Air Marshall Hugh Dowding

Dowding gets comparatively little attention. Bungay does dwell on the shabby treatment he received, especially regarding the constantly moving date of his retirement. The manner of his actual retirement is treated without the usual drama other writers engage in, that of calling it a palace coup by Air Vice Marshal Sholto Douglas in concert with Leigh-Mallory. This, as we shall see, is merely a minor sop to the opposition.

Air Vice-Marshall Keith Park

Park gets built up to almost saint-like proportions as the ideal leader, beloved by his men, a visionary who understood what Dowding wanted and executed it almost perfectly. This is outright hagiography; reinforced by a completely unneccesary emphasis on Park’s Christian faith.

Air Vice-Marshall Trafford Leigh Mallory

The words used for Leigh-Mallory’s description are of a different class altogether. ‘Character assassination’ comes to mind. Unfortunately, instead of dwelling on the actual facts in the ‘big wing’ dispute and Dowding’s eventual retirement, Bungay engages in an ad hominem attack, calling Leigh-Mallory’s fitness for commanding a Fighter Command Group into question because he never flew fighters himself (unlike of course Keith Park, who was simply a dashing fighter pilot, darling), and using hearsay evidence furnished by none other than Keith Park as to Leigh-Mallory’s intentions of getting Dowding sacked. Yes, a real trustworthy source there.

Air Vice-Marshall Richard Saul

Never mind that as someone who flew a BE.2 in the run-up to Bloody April 1917 might have a very good idea of what attrition would mean in an air battle. No, Leigh-Mallory was definitely less capable a commander because of that, unlike Richard Saul of 13 Group who flew…wait, Richard Saul also flew observation missions in that selfsame BE.2, and also never commanded a fighter squadron. And yet this does not stop Bungay to praise him as a capable commander. This is, to say the least, illogical.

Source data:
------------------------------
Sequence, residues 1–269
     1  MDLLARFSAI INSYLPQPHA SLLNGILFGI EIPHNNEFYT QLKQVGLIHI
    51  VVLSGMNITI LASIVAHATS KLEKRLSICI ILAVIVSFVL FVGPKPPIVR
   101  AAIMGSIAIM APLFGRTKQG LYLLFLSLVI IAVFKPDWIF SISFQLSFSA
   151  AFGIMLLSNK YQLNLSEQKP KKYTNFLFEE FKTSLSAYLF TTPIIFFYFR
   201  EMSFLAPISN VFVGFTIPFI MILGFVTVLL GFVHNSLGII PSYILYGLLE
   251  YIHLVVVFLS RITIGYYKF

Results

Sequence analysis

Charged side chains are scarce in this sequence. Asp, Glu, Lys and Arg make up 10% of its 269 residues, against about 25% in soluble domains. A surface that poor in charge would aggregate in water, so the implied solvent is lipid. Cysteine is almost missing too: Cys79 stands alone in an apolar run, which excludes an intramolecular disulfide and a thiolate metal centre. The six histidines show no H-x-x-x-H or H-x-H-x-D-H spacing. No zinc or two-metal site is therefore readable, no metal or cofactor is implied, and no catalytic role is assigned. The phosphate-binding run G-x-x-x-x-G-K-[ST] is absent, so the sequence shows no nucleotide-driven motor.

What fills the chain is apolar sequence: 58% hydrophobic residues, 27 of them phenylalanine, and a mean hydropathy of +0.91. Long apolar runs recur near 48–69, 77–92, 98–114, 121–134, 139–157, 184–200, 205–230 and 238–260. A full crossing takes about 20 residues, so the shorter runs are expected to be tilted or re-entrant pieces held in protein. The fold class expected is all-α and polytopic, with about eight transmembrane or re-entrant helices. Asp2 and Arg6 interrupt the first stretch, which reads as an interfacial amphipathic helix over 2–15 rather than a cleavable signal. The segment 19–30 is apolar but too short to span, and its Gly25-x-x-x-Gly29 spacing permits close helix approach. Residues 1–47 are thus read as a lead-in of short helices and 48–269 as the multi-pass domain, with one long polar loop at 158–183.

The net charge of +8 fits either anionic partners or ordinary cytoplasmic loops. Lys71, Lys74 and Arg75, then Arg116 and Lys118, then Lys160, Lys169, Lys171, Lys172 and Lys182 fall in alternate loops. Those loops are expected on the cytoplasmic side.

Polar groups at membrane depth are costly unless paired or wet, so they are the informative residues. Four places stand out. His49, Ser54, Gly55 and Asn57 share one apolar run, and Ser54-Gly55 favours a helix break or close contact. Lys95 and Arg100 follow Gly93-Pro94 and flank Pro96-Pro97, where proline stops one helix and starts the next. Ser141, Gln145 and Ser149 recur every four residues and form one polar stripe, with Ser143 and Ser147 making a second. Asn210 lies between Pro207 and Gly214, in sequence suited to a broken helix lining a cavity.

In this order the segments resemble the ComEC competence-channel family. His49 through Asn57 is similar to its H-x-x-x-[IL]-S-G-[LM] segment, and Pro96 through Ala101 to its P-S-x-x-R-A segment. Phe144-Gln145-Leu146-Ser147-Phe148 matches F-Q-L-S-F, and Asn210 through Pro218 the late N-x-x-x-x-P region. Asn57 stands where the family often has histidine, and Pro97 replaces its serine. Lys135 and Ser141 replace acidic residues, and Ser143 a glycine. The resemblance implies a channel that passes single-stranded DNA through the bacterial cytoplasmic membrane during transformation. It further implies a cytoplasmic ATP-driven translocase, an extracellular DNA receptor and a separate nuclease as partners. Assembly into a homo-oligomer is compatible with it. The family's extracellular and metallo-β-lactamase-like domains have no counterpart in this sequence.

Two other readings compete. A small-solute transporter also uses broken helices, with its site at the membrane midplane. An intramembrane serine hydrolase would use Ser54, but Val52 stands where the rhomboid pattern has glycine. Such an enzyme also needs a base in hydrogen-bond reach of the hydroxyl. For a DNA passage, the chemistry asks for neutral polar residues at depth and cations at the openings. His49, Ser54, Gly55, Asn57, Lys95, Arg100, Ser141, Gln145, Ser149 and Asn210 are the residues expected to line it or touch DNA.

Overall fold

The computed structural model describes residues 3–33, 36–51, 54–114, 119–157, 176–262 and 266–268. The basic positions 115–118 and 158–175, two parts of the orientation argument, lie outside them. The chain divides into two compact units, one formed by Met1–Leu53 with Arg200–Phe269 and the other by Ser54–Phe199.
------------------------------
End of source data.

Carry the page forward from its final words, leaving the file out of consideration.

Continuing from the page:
This chapter is one of the most infuriating pieces of crap writing I have ever had the displeasure to read.

The Most Dangerous Enemy 9: Eagle

April 11, 2011 Comments off

This chapter opens with a rumination on the complexities of planning a battle, and launches the ‘cock-up’ theory.

In short: battle plans fail because somewhere down the line a cock-up is made. Those whose plans prevent the most cock-ups win. Cock-ups may happen due to 5 identified (by Bungay) factors:

  1. Ignorance. Missing knowledge about the enemy, his dispositions, or the battlefield.
  2. Uncertainty. Factors beyond control, such as weather.
  3. Complexity. The more complex a plan is, the more scope for cock-ups.
  4. Equipment. The wrong equipment at the right place and time, or the right equipment at the wrong place and time.
  5. The opposition. Too many battle plans do not figure in the reaction of the enemy, or depend on certain reactions only.

I have a major problem with this theory. As Bungay himself admits, no cock-ups at all cannot be prevented. Yet his whole theory depends on battle plans foreseeing every eventuality and planning for it. History, however, shows that great generals do not try to plan for every contingency, but make their plans flexible enough to change them at a moment’s notice once a cock-up happens. ‘No battle plan survives contact with the enemy’ after all.